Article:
Whenever you’re making a change, the litmus test of whether it’s working for you is stress. Because no matter how hard you’re trying, if you’re stressed, the cortisol your body’s pumping out will just counteract it all. So if it’s overly stressful, it’s not for right now.
That’s why it’s so important to me that “Food You Love” meets you wherever you are and celebrates every step toward a healthy lifestyle.
If you had to pick one health improvement people should take on, what would it be?
Sleep! Without that, nothing goes. When I teach about the Five to Thrive—the way I break down the five core habits of a healthy lifestyle—that’s always where I start, for that reason.
When it comes to food: Start with oils. It’s a relatively easy change that goes a long way. Why? Because refined oils have a negative impact on health, and unrefined oils (avocado, olive, coconut) are actually health-promoting. So without any real effort, you can easily up the quality right there.
Healthy ingredients cost a lot! How do you afford them?
Hard question. I try to get my staples in bulk. Costco is helpful, and if you’re willing to buy five gallons of extra virgin olive oil at once, it costs the same as canola oil bought individually. Some vegetables are less expensive, especially when you get them fresh instead of buying the pre-checked.
But the truth is that quality costs more, and I see it from the backend in my work in the food manufacturing business. It takes more manpower, and there’s more waste when things are done manually to preserve the food’s quality. I’m thinking specifically of my honey. In order to retain its pollen and polyphenols, it can’t be heated any higher than 103°F. That means it stays thick, so the pouring takes longer and it drips. Whereas standard honey is heated so high that it turns into runny liquid, it pours in seconds, and there’s no waste. Obviously, it costs $3.99 instead of $9.99—and the sellers still make a larger profit.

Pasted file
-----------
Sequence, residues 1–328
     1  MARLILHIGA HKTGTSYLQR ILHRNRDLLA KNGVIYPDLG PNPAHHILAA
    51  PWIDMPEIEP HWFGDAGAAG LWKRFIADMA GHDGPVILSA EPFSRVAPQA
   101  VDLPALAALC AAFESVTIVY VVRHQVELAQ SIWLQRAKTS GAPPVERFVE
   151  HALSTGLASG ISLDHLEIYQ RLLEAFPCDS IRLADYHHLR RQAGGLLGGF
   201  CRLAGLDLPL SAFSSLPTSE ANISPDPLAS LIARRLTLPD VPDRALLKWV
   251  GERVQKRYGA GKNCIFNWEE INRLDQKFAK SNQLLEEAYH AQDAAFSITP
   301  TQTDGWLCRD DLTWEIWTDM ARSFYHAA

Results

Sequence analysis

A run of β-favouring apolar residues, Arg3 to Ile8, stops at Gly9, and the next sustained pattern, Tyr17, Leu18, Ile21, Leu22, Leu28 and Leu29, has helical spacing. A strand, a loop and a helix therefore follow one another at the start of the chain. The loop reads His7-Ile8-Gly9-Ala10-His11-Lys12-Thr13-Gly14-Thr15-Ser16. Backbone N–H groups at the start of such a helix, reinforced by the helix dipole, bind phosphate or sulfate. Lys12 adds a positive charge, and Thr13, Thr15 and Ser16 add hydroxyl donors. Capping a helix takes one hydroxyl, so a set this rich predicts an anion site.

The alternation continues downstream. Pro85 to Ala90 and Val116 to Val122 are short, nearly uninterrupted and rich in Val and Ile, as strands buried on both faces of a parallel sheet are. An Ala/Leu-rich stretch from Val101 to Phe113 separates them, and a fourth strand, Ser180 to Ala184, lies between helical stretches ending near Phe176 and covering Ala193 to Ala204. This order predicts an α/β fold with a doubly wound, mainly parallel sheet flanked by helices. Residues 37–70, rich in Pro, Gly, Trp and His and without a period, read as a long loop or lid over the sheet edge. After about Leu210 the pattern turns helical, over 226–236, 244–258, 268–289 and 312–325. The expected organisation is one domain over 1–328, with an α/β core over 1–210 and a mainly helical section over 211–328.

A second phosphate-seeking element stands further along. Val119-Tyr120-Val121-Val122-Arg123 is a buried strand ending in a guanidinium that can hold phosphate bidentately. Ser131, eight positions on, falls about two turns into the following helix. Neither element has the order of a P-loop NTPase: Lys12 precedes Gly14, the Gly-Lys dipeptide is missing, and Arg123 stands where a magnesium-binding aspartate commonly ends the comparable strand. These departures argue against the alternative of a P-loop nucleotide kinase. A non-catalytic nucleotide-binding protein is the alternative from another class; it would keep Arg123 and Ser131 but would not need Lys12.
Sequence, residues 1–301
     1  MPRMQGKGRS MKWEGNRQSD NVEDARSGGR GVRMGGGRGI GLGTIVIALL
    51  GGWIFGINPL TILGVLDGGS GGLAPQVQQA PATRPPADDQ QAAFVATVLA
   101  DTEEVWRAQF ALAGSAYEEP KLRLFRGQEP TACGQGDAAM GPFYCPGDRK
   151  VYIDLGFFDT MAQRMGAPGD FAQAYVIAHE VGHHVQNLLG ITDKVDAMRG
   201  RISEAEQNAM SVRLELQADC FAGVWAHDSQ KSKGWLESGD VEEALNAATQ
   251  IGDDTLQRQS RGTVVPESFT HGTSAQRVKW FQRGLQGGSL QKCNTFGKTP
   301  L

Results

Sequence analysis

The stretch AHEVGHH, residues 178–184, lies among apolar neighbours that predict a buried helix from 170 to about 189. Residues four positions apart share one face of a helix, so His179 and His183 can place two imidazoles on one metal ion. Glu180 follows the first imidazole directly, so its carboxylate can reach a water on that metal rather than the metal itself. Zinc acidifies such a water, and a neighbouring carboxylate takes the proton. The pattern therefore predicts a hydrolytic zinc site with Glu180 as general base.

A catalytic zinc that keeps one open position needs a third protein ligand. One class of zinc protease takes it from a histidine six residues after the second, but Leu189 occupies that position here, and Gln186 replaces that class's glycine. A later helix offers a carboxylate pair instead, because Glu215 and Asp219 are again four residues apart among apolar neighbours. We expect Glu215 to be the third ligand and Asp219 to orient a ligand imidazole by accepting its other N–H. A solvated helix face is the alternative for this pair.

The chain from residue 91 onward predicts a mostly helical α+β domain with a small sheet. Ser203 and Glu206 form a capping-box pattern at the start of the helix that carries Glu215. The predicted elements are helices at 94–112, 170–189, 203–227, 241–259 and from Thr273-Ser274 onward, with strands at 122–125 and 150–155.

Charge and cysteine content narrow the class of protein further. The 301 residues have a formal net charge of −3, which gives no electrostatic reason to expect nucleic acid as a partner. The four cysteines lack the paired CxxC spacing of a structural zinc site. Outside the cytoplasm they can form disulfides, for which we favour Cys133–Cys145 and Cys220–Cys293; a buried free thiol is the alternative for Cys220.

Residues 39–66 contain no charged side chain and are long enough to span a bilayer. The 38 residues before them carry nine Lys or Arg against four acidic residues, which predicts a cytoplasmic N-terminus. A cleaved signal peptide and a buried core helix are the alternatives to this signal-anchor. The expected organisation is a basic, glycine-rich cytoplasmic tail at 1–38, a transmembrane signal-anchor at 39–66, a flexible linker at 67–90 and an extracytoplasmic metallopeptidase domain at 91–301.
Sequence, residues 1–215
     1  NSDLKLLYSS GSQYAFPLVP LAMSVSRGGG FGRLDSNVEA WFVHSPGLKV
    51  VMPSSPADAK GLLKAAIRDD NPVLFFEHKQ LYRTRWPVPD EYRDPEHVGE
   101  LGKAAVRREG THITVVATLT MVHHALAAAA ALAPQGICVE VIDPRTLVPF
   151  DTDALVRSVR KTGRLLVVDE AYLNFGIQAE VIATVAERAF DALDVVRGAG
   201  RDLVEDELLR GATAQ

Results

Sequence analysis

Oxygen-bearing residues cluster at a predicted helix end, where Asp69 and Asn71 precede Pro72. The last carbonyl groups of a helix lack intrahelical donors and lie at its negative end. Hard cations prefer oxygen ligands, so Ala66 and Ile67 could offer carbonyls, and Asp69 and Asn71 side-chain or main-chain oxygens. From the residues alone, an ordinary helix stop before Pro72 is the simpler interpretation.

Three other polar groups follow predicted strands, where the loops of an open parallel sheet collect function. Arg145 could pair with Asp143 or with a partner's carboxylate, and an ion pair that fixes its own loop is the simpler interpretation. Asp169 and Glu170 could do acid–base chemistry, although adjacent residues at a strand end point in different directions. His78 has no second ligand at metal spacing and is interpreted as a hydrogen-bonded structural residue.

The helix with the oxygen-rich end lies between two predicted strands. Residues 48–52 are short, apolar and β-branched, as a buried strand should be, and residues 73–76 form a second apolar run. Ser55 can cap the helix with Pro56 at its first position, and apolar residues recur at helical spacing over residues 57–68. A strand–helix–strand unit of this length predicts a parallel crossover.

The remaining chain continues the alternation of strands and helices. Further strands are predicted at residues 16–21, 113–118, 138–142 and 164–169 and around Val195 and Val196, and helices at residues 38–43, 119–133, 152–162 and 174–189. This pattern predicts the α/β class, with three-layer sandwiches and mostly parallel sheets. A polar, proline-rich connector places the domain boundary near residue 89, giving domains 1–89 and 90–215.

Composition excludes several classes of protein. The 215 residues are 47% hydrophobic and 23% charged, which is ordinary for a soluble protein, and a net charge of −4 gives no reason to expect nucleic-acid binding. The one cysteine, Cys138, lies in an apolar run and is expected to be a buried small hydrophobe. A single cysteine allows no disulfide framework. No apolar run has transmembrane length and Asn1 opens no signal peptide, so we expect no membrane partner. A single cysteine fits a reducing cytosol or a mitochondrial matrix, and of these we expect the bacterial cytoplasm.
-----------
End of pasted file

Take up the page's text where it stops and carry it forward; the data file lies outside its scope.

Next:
When it comes to my mixes, I mainly use flours from overseas, which have less chemicals. It’s obviously more expensive, but you pay for quality.
I think the main thing to realize is that just like with everything in life, there are ways to do it high-end and there are ways to cut corners when you have to.
What’s the one thing you want everyone out there to know?
That there is no one-size-fits-all for anything. Not for eating, not for living. Each of us is so unique, physically and spiritually, and each of us has to live the lifestyle that helps us be our best.
I hope that each person will use my cookbook in the way that serves them, that works for them, and that lets them feel happier and healthier.